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RTMP server using nGinx

Step 1: Get a Server Box

Note to Windows users: This guide focuses on using Linux. If you want to use Windows, you can find Windows binaries for nginx with the RTMP module already included here: http://nginx-win.ecsds.eu/download/

Note to Mac users: You can install nginx with the RTMP module via Homebrew: http://brew.sh/homebrew-nginx/

If you are hosting your server in your home, you will have to forward TCP port 1935 to the box…this varies by router, so look up how to set up port forwarding for your router. Also, I recommend using a dynamic DNS service to overcome dynamic IP issues that come up with residential hosting.

Step 2: Installing nginx with RTMP module

Log into your box, and make sure you have the necessary tools to build nginx using the following command:

$ sudo apt-get install build-essential libpcre3 libpcre3-dev libssl-dev

Now a bit of info about nginx (pronounced “engine-X”). nginx is an extremely lightweight web server, but someone wrote a RTMP module for it, so it can host RTMP streams too. However, to add the RTMP module, we have to compile nginx from source rather than use the apt package. Don’t worry, it’s really easy. Just follow these instructions. 🙂

From your home directory, download the nginx source code:

$ wget http://nginx.org/download/nginx-1.15.1.tar.gz

As of this writing, the latest stable version of nginx is 1.15.1. You can find the latest version on the nginx download page.

Next, get the RTMP module source code from git:

$ wget https://github.com/sergey-dryabzhinsky/nginx-rtmp-module/archive/dev.zip

Unpack/unzip them both, and enter the nginx directory:

$ tar -zxvf nginx-1.15.1.tar.gz
$ unzip dev.zip
$ cd nginx-1.15.1Now we build nginx:
$ ./configure --with-http_ssl_module --add-module=../nginx-rtmp-module-dev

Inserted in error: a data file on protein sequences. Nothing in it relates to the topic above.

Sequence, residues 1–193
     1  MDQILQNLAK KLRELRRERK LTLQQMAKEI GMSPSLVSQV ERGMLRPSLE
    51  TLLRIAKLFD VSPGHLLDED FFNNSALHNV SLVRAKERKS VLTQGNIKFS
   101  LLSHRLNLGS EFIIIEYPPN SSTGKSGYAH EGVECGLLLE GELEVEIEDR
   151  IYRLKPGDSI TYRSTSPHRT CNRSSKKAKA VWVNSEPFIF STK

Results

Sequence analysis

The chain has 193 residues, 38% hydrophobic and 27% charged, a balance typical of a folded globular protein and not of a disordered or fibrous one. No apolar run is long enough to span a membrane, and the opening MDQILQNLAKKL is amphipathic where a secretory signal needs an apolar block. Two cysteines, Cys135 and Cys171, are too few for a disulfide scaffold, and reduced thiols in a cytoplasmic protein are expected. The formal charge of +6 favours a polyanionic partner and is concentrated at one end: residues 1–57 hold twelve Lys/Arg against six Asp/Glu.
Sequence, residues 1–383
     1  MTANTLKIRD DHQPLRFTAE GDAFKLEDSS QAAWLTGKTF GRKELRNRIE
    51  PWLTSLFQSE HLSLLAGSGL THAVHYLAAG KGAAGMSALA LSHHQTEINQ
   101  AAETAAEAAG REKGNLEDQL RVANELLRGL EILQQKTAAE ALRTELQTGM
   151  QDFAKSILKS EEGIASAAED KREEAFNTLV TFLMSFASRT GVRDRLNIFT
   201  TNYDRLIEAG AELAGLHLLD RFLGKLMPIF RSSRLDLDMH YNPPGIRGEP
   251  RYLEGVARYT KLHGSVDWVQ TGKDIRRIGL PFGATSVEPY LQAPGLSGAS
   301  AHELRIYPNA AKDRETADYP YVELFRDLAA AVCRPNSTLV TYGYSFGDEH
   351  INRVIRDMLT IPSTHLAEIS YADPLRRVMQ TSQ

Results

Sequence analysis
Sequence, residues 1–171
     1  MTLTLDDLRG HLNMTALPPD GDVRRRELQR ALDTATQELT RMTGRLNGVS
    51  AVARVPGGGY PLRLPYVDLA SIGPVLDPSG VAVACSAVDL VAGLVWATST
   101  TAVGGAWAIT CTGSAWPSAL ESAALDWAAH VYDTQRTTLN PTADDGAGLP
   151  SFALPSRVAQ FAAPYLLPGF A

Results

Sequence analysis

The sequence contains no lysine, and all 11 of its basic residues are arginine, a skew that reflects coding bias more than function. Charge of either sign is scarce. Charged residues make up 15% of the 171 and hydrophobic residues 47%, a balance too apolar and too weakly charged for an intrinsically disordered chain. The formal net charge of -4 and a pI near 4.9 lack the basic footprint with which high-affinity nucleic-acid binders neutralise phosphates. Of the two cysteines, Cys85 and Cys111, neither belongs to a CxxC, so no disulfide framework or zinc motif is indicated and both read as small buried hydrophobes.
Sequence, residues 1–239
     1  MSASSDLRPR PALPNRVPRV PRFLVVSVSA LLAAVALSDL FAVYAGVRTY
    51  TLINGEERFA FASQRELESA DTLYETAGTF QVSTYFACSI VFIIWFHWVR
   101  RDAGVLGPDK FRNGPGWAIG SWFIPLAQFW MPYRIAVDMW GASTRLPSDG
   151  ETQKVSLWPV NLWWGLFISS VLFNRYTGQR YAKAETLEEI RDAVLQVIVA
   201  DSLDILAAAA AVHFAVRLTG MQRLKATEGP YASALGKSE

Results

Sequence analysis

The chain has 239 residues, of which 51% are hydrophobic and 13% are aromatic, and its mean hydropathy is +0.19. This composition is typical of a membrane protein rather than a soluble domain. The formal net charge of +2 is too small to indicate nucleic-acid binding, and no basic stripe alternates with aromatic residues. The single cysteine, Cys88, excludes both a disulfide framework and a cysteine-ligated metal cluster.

$ make
$ sudo make installAnd nginx is installed! By default it installs to /usr/local/nginx, so to start the server run the following command:
$ sudo /usr/local/nginx/sbin/nginx

And to test to make sure nginx is running, point your browser to http://<your server ip>/ and you should get the “Welcome to nginx!” page.

Step 3: Configuring nginx to use RTMP

Open your config file, located by default at /usr/local/nginx/conf/nginx.conf and add the following at the very end of the file:


rtmp {
        server {
                listen 1935;
                chunk_size 4096;

                application live {
                        live on;
                        record off;

This is an extremely basic configuration with a “live” application that simply forwards the RTMP stream on to whoever requests it. You can play with it some more later. Here’s the whole configuration guide, which shows you how to forward streams to other places (such as Twitch), save recordings of uploads, output stats, etc.

Restart nginx with:

$ sudo /usr/local/nginx/sbin/nginx -s stop
$ sudo /usr/local/nginx/sbin/nginx

Step 4: Testing!

Your server should now be ready to accept RTMP streams! Let’s try it out.

Create a new profile in OBS, and change your Broadcast Settings thusly:

Streaming Service: Custom
Server: rtmp://<your server ip>/live
Play Path/Stream Key: testYou may be wondering where that play path “test” came from. Well, we just made it up, just now. You can basically make up any play path and stream to it, and put that path into an RTMP player, and it will play back. For simple purposes, authentication isn’t necessary in my experience.

You should now be able to start streaming to your server. If you hit “Start Streaming” and don’t get an error from OBS, that’s a good sign.

So how do you watch it? The easiest way to do so is with VLC (v2.1.0 or later). Just Open a Network Stream and enter in rtmp://<your server ip>/live/test as the URL. If it all worked right, then you should now be seeing your stream in VLC!

You now have a working RTMP server! Congrats!

What now?

You can add the stream to OBS itself using the Media source or VLC source, or use something like JWPlayer to play back the RTMP stream on a web site you set up.

You can also use your RTMP server to forward to other streaming services and channels! Underneath the “record off;” line in your nginx.conf, add the following:

push rtmp://<other streaming service rtmp url>/<stream key>And any stream streamed to that application will be forwarded on to the other service, as well as being served up from the server! You can add multiple “pushes” to forward the stream to multiple locations.

Alıntıdır, Ayrıca https://www.emrahemirtekin.com/nginx-ile-canli-yayin/ adresinde de türkçe kaynak bulunmakta…


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